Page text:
The great Duke of Wellington, of Waterloo Victory fame, once saw the boys of Eton public School playing on the field and was moved to say, There our great battles were won” He meant that young lads acquire on the playground not only physical stamina but discipline, the habit of obedience, the will to win, -and these virtues make them good soldiers when their country calls them to the field of battle.
It is good to enjoy the delight of running about in the open field and to ‘feel life in every limb’. But that only makes the lesson that we learn, of discipline, obedience and tenacity, all the more pleasing. To develop character not by arid and dry moral lessons, but in the course of our enjoyment of games, is a privilege which we must set store by.
The most important lesson that sports of all kinds teach us is a sense of discipline. A good sportsman must always learn to obey the rules of the games and the orders of the captain. He knows the value of the proverb – “He who knows how to obey will know how to command”.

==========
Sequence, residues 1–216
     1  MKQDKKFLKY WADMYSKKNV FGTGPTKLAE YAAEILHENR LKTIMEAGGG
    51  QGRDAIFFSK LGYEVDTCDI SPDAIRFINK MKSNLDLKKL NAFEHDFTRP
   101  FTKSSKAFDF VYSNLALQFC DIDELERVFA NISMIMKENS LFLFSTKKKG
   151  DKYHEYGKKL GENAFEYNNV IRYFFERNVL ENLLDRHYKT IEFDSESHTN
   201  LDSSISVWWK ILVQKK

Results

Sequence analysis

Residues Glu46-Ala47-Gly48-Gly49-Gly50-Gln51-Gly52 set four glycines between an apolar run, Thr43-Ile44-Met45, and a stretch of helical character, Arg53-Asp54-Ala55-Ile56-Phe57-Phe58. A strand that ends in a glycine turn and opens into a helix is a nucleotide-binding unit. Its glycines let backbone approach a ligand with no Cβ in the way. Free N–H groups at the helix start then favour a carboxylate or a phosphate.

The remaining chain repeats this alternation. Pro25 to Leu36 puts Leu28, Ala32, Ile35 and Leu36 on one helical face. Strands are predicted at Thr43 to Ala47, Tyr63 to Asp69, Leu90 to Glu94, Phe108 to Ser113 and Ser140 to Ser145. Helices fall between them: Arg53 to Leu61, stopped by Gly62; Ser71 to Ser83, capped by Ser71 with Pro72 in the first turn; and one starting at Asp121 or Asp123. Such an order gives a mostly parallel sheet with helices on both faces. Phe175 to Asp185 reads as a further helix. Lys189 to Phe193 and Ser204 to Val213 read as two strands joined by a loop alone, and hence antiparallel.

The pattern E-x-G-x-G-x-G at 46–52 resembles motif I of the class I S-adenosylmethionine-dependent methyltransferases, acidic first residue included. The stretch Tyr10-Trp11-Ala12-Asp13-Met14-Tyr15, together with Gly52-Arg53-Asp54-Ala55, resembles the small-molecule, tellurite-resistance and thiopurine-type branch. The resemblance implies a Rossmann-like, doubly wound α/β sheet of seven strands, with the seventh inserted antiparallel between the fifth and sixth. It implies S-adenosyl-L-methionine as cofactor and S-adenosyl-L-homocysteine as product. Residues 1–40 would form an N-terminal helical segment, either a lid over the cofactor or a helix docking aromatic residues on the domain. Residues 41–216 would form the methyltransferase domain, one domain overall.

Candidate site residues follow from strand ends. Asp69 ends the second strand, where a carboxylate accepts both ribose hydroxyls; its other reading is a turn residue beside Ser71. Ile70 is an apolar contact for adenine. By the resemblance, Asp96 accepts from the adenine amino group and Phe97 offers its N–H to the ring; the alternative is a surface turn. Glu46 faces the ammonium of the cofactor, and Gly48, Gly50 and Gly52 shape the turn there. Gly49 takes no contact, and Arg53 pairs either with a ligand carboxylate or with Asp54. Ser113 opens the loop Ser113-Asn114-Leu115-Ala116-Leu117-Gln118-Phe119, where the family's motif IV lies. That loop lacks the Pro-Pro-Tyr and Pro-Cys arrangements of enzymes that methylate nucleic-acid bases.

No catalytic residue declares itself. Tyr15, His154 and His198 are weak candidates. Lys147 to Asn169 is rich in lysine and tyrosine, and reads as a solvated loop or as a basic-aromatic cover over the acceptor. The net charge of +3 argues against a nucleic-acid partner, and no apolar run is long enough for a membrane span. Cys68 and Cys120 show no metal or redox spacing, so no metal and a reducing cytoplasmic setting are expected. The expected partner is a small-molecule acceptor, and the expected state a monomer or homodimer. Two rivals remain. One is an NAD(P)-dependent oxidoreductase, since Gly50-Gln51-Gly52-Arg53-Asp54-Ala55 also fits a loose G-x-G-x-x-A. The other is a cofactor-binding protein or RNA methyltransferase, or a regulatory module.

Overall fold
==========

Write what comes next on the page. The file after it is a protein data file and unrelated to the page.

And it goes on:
Discipline goes hand in hand with duty. On the playground, each individual has an allotted duty to perform. He has to carry out his share. It is his duty to help in winning games by obeying his captain and maintaining teamwork through concerted movement and display of spirit de crops (team spirit).
Another great virtue, which sports help us acquire, is the will to win. Life is a struggle, a constant fight against difficulties. The week-willed man resigns himself to what he calls his fate. Hr belongs to the ranks of the defeated. He is not a sportsman. For a sportsman takes defeats and disappointments as a true part of the game in its stride. Today he is defeated, but he knows that tomorrow he may win. He knows also how to take defeat in a sporting spirit, and to prepare for a greater fight.
The true sportsman knows also the value of unity in action. Look at the rowers in a boat from the cockswain to the helmsman, how harmonious and...
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